1. This order shall govern Civil Revisions Nos. 875 and 876 of 1962 both by Ram Abhilakh, decree-holder, against the order, dated 30-8-1962 of the Munsif of Gyanpur, holding that in view of Section 42, C. P. C. he had, while executing the decree passed by the Nyaya Panchayat, same powers as the Nyaya Panchayat, and could not execute the decree by attachment and sale of immovable property. He consequently dismissed the application of Ram Abhilakh for the execution of the decree by attachment and sale of immovable property.
2. Section 64 of the U. P. Panchayat Raj Act, 1947 (to be referred hereinafter as the Act enumerates) the jurisdiction of the Nyaya Panchayat in civil cases. A perusal thereof shall make it clear that the Nyaya Panchayat has no jurisdiction to take cognizance of a suit for the recovery of immovable property or for the value thereof. Similarly the Nyaya Panchayat has no jurisdiction to entertain a suit for the recovery of money due on a contract in respect of an immovable property. In short, the Nyaya Panchayat has me jurisdiction to entertain suits with regard to movable property, and not immovable property.
3. Though the jurisdiction of the Court for trial of suits may be limited, the legislature can give unlimited jurisdiction to the same Court for the execution of the decree passed in accordance with the law. In other words, unless there be a provision to the contrary there can be no difficulty in such Court executing the decree against properties in respect of which a suit could not have been entertained by it. Whether the Court executing the decree has such a power shall thus depend upon by the provisions of the law applicable.
4. Section 93 of the Act lays down the mode of execution of decrees or orders passed by Nyaya Panchayat. A decree or order passed by Nyaya Panchayat is to be executed by it in such manner as may be prescribed. The rule so prescribed is contained in R. 128 of the U P. Panchayat Raj Rules (to be referred hereinafter as the Rules). However, if the property of thedefendant or opposite party is situated outside the jurisdiction of the Nyaya Panchayat passing me decree or order, it may, in the manner prescribed, transfer the decree or order for execution to the Nyaya Panchayat within whose jurisdiction the property may be situated and if mere be no Nyaya Panchayat, then to the Court of the Munsif, or Sub-divisional Officer, as the pase may be, within whose jurisdiction it may be situated. Under Sub-section (2) of Section 93 also a Nyaya Panchayat can forward the decree or order to the Munsif, or Sub-Divisional Officer, as the case may be, in case it finds any difficulty in executing the decree or order, and on the transfer of the decree the Munsif, or Sub-Divisional Officer, can execute the same as if it were a decree or order passed by him.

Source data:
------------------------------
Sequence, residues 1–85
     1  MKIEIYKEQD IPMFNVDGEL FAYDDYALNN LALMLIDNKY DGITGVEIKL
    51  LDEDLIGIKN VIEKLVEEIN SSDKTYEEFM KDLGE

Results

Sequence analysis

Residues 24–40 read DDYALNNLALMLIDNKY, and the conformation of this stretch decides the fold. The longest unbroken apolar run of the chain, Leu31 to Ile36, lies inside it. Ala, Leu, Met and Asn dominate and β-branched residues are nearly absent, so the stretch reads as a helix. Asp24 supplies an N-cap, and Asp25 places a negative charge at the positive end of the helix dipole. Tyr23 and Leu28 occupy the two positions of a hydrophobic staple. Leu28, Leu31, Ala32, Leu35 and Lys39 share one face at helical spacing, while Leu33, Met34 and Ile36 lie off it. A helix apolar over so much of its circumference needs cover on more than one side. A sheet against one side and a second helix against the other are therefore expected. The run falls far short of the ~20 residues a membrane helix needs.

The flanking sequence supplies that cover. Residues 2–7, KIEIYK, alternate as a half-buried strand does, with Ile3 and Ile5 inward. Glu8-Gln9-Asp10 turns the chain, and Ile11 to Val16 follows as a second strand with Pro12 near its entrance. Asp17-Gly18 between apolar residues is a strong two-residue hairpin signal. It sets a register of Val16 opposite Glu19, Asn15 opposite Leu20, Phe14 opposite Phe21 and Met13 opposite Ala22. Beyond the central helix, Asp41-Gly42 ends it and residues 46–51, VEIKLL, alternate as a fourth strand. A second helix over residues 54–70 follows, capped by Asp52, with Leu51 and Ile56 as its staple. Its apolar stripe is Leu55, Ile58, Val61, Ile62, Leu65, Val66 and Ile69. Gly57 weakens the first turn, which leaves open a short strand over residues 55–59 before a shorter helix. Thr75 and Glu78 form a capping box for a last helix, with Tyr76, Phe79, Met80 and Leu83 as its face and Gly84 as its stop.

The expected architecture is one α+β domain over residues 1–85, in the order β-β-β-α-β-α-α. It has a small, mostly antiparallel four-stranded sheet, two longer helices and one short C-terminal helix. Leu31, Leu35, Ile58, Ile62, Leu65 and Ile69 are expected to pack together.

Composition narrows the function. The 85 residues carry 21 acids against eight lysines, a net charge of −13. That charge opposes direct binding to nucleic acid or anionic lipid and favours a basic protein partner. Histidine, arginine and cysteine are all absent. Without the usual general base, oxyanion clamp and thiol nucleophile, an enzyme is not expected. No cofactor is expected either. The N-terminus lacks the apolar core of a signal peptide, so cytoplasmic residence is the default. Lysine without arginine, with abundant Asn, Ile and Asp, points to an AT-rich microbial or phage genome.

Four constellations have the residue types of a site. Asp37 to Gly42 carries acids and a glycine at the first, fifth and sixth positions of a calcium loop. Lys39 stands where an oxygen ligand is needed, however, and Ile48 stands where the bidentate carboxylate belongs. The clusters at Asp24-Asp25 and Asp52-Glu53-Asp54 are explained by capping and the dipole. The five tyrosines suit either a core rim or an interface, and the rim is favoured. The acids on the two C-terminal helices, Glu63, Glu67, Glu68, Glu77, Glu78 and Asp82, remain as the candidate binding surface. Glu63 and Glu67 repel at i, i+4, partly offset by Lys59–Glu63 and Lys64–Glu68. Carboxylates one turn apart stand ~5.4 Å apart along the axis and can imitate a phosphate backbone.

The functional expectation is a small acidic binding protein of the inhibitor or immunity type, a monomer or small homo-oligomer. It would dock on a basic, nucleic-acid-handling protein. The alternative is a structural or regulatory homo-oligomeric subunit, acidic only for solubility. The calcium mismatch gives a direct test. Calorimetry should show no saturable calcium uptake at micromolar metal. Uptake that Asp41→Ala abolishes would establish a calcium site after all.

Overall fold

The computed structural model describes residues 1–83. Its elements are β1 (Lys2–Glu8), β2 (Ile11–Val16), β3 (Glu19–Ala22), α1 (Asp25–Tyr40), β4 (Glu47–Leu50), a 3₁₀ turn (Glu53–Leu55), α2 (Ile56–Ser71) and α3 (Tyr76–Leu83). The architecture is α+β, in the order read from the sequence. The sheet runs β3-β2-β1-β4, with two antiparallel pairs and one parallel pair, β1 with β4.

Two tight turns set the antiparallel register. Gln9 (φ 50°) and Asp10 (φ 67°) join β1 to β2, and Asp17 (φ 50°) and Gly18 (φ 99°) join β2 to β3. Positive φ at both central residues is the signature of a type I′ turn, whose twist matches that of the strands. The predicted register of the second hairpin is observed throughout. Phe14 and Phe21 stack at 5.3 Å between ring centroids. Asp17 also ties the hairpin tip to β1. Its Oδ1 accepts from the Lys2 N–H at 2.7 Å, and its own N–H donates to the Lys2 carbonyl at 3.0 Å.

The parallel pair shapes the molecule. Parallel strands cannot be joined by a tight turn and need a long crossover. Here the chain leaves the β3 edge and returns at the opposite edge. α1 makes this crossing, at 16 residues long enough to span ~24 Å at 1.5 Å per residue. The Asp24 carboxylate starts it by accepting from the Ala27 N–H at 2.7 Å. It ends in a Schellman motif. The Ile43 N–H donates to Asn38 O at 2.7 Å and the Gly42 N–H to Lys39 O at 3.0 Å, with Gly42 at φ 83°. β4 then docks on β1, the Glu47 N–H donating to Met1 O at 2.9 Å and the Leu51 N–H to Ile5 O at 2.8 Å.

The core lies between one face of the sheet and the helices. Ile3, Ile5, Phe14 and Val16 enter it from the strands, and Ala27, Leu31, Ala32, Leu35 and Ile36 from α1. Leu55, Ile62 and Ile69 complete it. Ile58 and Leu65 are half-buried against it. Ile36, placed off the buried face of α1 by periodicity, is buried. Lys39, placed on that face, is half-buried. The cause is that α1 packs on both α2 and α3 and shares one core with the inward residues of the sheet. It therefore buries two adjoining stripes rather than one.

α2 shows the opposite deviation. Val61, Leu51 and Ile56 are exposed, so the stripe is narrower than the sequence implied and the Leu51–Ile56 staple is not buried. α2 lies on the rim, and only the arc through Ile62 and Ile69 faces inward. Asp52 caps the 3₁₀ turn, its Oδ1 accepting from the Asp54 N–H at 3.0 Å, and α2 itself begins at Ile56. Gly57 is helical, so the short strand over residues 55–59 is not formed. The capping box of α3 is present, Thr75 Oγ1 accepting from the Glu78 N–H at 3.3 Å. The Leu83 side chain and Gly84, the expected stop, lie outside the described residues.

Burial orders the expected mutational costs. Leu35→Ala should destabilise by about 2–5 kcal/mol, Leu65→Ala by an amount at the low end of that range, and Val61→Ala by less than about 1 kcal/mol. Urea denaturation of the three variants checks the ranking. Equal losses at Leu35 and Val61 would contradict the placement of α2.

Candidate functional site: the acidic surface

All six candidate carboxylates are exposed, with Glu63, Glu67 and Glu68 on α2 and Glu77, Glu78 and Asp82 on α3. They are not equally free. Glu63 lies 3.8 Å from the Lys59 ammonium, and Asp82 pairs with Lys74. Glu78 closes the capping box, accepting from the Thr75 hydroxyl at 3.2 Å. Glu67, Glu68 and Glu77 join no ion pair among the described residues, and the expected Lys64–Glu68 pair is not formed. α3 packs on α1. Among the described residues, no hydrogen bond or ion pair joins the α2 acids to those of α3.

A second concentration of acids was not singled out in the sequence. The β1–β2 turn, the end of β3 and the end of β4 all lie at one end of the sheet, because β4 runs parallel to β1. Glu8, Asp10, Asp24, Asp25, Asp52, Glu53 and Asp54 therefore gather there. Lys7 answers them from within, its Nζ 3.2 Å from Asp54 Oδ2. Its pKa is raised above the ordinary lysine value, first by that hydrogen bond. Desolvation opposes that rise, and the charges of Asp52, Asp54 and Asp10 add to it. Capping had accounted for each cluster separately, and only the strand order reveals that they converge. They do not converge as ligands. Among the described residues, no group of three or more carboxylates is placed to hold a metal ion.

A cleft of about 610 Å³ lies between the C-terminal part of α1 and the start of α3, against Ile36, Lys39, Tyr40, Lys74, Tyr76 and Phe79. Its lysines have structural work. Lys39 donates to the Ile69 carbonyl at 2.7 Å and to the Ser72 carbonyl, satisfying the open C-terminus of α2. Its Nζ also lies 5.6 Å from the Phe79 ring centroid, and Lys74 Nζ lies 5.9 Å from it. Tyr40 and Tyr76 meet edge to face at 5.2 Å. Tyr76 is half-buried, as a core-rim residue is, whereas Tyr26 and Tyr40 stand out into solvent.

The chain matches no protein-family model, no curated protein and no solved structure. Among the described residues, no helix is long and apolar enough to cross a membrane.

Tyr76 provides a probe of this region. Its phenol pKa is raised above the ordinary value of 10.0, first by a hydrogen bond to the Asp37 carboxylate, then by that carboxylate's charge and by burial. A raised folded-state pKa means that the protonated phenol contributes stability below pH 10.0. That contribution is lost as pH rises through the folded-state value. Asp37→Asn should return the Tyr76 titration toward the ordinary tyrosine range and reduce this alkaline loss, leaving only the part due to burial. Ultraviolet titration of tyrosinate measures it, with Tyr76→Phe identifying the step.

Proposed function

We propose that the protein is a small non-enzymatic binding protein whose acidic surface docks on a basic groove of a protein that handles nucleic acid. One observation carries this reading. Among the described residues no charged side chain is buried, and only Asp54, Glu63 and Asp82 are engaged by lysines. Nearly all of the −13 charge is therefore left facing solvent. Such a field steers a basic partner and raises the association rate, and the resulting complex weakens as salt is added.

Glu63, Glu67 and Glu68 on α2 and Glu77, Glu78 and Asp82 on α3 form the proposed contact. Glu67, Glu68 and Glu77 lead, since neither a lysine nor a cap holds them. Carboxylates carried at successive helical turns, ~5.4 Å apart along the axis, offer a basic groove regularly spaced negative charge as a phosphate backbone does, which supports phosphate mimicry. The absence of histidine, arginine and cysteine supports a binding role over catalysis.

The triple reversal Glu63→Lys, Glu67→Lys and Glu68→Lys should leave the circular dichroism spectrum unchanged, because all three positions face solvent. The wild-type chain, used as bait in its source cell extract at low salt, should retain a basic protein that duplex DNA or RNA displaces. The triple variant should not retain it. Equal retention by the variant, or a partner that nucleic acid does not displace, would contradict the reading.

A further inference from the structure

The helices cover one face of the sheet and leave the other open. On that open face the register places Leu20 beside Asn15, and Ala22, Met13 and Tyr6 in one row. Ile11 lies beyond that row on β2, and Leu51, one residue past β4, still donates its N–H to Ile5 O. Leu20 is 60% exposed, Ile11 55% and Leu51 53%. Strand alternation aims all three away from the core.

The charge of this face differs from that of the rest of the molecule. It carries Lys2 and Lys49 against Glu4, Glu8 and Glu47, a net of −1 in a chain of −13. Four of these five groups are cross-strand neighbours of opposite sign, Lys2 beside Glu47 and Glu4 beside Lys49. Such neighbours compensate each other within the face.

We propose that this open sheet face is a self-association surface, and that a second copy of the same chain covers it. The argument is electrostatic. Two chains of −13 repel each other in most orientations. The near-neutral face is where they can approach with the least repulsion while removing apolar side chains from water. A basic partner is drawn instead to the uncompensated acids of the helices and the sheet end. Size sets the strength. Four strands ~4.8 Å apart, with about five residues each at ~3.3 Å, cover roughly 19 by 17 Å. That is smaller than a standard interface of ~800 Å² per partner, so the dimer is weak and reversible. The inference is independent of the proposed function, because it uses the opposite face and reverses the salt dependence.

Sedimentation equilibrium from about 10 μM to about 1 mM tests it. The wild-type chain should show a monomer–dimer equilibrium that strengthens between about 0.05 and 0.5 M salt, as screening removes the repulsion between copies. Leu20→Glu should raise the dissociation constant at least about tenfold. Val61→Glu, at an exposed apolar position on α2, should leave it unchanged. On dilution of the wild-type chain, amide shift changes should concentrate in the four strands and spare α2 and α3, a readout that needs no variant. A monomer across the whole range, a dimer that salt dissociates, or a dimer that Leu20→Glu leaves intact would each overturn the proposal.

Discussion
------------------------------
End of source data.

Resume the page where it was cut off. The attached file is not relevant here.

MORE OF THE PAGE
5. Even though in Section 64 differentiation has been made between 'movable' and 'immovable' property, the general word 'property' is used in Section 93. Section 93 thus places no such restriction on the execution of decree and it can be executed against any property including an immovable property even though no suit with regard to immovable property can be entertained by the Nyaya Panchayat.
6. In view of Rule 128 of the Rules the Nyaya Panchayat shall be unable to execute the decree unless the judgment-debtor voluntarily pays the amount or the decree and the costs of execution. Sub-rule (1) of Rule 128 prescribes the fee payable for an application for execution of the decree. Sub-rule (2) lays down the procedure to be followed by the Nyaya Panchayat which passed the decree. In case property of the defendant or opposite party against whom the execution application has been presented is not situated outside the jurisdiction of the Nyaya Panchayat, it has to issue a notice of the defendant or opposite party requiring him to comply with the decree within 30 days of the receipt of notice, and if the decree is not complied with within the said time, or such further time not exceeding three months as the Nyaya Panchayat may deem fit to allow, it (Nyaya Panchayat) has to forward the decree for execution in accordance with the provisions of Sub-section (2) of Section 93 of the Act.
Sub-rule (3) lays down the mode of execution where the property of the defendant or opposite party against whom the execution application has been presented, is situated outside the jurisdiction of the Nyaya Panchayat. In such cases, the Nyaya Panchayat which passed the decree can itself proceed in the manner laid down in Sub-rule (2), or transfer the decree for execution as provided in Sub-section (1) of Section 93 of the Act. Where the decree has been transferred to another Nyaya Panchayat or to the Munsif, a notice to the defendant or opposite party in the manner provided under Sub-rule (2) has to be issued in the first instance, and if the decree is not complied with within the period specified in the notice, or within such further time not exceeding three months as may be allowed the transferee Nyaya Panchayat has to act under Sub-section (2) of Section 93 of the Act, that is, to forward me decree to the Munsif for execution as if it were a decree passed by him. But if the NyayaPanchayat passing the decree had transferred it to the Munsif, the latter shall execute the decree as if it were passed by him.